As Rev and others have said, market moves tend to go on much longer than anyone thinks. I was hasty to cover these positions; in the case of Multi-Fineline, I left a good 50% on the table.

There is never a rush to do anything in the market. If you feel there is, go have a smoke and come back in two weeks.

Averaging Down Too Quickly

Whether you choose to average down or not is an individual strategic preference. I believe in my assessment of stock valuations and prospects. Short-term moves can be extreme, especially in smaller-cap names, and adding to positions that are being hurt unnecessarily can be very profitable.

However, I exhibited too much haste adding to positions on the long side. I was so busy adding to names that I liked on the basis of longer-term valuation assessments, I was forcing myself to create room by covering shorts that were imploding. In retrospect, in the spirit of overall portfolio protection, if the indices are only down 10% after a four-year bull market and a war is breaking out, keep your shorts on (literally) and come back in two weeks.

OK, enough of this self-examination. Let's change the music to reflect some strength, throw on some Rage Against the Machine, and look at some strategies that have kept losses manageable and set us up for the next 24 months.

Don't Overpay for Keepers

I don't buy a stock unless I believe that, looking out 24 months, the company is potentially 100% undervalued. Buying momentum stocks is fine if you recognize you are just renting them. When Qualcomm ( QCOM) was at $50 and 10 times revenue, I said that no one could really justify the stock price by any historical standard.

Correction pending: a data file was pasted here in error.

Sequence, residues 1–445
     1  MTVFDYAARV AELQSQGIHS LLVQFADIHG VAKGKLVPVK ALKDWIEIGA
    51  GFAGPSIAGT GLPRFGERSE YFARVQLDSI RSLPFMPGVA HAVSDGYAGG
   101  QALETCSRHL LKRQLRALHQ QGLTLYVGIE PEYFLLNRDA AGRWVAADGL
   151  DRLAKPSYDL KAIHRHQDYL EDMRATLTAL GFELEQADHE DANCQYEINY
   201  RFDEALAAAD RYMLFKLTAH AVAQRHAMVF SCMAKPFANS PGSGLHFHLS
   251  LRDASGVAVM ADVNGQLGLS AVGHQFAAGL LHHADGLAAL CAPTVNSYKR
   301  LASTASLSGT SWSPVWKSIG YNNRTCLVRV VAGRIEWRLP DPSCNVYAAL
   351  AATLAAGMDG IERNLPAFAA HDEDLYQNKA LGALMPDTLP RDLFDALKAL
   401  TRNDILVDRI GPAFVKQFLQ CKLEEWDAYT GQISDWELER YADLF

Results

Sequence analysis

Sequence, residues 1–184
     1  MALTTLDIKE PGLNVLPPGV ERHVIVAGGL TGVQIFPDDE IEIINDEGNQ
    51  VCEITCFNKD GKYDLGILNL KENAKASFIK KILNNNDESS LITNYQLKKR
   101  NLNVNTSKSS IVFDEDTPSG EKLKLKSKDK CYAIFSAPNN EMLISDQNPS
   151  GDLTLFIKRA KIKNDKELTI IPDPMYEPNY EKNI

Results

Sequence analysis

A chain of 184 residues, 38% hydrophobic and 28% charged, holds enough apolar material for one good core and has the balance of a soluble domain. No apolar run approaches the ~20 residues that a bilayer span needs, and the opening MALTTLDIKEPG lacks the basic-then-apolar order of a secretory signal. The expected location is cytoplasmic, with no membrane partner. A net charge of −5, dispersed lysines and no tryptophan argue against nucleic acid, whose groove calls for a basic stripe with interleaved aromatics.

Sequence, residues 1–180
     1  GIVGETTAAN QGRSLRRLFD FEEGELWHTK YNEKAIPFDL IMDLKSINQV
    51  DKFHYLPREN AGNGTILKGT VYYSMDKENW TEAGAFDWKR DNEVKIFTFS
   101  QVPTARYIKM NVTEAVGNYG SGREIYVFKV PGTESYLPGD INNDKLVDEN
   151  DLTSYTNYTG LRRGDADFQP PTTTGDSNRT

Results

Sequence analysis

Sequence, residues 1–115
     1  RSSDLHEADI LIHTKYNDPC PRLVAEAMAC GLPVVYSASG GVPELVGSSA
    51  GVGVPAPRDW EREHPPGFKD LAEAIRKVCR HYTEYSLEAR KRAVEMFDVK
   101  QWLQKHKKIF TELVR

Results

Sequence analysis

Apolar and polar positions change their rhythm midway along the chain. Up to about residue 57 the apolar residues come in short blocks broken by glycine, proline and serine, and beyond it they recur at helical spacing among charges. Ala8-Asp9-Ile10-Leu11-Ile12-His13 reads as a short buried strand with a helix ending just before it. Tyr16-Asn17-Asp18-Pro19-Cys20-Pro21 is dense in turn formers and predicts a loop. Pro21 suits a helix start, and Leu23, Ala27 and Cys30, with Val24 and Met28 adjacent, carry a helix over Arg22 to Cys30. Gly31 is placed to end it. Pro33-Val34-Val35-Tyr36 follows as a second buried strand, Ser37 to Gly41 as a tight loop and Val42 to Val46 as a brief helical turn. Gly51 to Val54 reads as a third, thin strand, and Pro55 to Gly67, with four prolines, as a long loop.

Same went for Broadcom ( BRCM) and Marvell ( MRVL), which were 50% higher than they are now. Discipline keeps you away from these problems, either through abstinence or tight stops. I choose abstinence.

If you suffered through some of these momentum unwindings, hopefully you won't make the same mistake twice. Strict adherence to these valuation standards means I had only a few stinkers such as O2 Micro ( OIIM) and WorldSpace ( WRSP) in my portfolio. The majority of my stocks held up fairly well, and some, like Viisage ( VISG), actually went up.


Jim Cramer says it every night: You need to diversify, not just across sectors but also in the number of positions. I own anywhere from 30 to 40 positions at any given time, and none represents more than 8% of the portfolio. So while I've had some blowups like Packeteer ( PKTR), which I believe was a major overreaction, no major damage was done.

Buy 'Em When They're Down

This strategy works in a variety of ways. Averaging into positions that were getting oversold deep into multiple-day selloffs paid off on the few up days recently as those positions rebounded and I removed the extra stock weighting. If I can buy into a good long-term story on sale, it is certainly reducing downside risk.

I like stocks people hate. Buying Martek Biosciences ( MATK) in the low $20s on the way down helped performance tremendously last quarter when I dumped it out at $29 and change.

At the time of publication, Bulwa was long P.F. Chang's, CheeseCake Factory, O2 Micro, WorldSpace and Packeteer, although holdings can change at any time.

Steven Bulwa is an independent portfolio manager based in Toronto. Under no circumstances does the information in this column represent a recommendation to buy or sell stocks. Bulwa appreciates your feedback; click here to send him an email.